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Ether-lipid membrane engineering of Escherichia coli

PhD ceremony:Ms A. (Antonella) Caforio
When:January 13, 2017
Start:14:30
Supervisor:prof. dr. A.J.M. (Arnold J M) Driessen
Where:Academy building RUG
Faculty:Science and Engineering

The thesis describes the reconstitution of the complete ether lipid biosynthetic pathway both in vitro and in vivo. The study identified a novel enzyme in the archaeal lipids biosynthesis, namely the CDP-archaeol synthase and revealed a high promiscuity of bacterial enzymes for the attachment of the polar head groups.

The work also sheds some light on the significance of some evolutionary theories. The obtainment of a bacterial strain with a heterochiral mixed membrane showed the coexistence of the two different lipid species contrasting the previous hypothesis of chemical instability of such membrane which pushed the evolution of bacterial and archaeal organisms towards a more stable homochiral membranes. Thus, the coexistence of bacterial and archaeal lipids in a living cell suggested the presence of a common ancestor with a mixed membrane from which organisms evolved.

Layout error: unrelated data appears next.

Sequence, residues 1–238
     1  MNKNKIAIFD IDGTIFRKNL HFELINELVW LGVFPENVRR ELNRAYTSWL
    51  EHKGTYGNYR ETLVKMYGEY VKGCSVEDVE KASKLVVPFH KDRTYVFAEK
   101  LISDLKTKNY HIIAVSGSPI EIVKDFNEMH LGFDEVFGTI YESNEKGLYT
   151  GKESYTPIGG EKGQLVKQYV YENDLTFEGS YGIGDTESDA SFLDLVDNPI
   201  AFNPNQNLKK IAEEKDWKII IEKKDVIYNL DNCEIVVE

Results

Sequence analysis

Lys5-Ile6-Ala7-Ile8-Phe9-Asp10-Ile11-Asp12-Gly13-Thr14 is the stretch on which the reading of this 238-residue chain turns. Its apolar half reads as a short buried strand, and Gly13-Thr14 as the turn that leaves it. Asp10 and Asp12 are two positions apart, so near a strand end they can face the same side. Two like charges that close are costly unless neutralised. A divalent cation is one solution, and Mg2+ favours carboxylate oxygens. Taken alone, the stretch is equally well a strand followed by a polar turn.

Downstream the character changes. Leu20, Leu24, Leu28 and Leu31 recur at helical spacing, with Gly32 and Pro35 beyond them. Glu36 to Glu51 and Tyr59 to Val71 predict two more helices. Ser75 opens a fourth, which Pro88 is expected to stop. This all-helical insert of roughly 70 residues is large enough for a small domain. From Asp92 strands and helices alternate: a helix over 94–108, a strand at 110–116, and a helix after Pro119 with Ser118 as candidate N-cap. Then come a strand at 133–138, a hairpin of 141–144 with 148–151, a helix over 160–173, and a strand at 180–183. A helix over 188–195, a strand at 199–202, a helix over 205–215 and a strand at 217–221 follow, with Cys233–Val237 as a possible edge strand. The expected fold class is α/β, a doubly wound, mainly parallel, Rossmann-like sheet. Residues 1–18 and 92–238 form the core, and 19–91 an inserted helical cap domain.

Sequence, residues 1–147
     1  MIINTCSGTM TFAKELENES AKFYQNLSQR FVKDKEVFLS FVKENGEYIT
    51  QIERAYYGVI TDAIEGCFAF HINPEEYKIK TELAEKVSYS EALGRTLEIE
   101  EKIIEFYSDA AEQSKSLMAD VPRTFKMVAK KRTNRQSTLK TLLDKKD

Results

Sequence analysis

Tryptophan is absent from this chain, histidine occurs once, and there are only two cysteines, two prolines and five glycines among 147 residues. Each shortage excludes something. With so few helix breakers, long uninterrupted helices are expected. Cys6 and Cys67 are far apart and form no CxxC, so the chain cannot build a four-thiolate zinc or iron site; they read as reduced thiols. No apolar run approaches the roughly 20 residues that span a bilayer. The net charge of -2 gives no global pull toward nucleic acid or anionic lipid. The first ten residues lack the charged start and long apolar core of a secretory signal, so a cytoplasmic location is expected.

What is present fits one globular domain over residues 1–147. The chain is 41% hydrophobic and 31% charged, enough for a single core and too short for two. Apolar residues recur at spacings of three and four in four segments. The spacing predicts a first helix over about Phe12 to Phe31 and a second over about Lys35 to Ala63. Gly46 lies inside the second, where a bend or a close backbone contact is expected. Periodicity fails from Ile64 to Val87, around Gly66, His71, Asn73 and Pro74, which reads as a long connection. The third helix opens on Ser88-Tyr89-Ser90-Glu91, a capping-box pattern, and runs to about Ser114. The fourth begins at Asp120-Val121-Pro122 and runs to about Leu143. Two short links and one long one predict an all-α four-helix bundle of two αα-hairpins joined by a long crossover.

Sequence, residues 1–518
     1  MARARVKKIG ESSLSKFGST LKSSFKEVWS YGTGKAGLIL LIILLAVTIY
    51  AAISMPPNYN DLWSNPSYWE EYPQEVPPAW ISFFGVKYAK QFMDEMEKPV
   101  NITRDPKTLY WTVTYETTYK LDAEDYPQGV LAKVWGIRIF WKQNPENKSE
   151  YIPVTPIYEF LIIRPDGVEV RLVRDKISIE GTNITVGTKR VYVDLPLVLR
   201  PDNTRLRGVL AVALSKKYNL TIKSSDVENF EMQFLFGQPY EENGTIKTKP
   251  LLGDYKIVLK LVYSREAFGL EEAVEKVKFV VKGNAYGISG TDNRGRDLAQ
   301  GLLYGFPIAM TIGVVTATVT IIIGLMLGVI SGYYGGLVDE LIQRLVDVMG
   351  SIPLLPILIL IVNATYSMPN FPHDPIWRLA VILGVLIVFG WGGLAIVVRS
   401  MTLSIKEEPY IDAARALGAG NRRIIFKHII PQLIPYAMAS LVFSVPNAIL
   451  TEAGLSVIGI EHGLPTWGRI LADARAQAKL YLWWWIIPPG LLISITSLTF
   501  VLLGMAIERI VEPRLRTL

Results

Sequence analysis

The different substrate specificity found in the archaeal GGGPS and in the bacterial PlsB raises new possibilities about the initial insurgence of archaeal organisms, followed by the differentiation into bacteria. In this way the trigger that caused the segregation from the primordial cell can be seen as the appearance of stereoselective enzymes such as PlsB which pushed the differentiation of bacterial organisms from the ancient cell. The latter one then further evolved towards an archaeal organism with the conserved capability to live in extreme environments but with an evolved and specific membrane lipid composition.

Further, the work has potential biotechnological implications as the re-programming of the lipid composition of E. coli resulted in some increase in robustness. Thus, when further tuned, this may be seen as a general methodology for other microorganisms of industrial relevance when aspects of solvent tolerance are addressed. It would not be possible to inflict such radical alteration of the lipidome by mutagenesis and selection.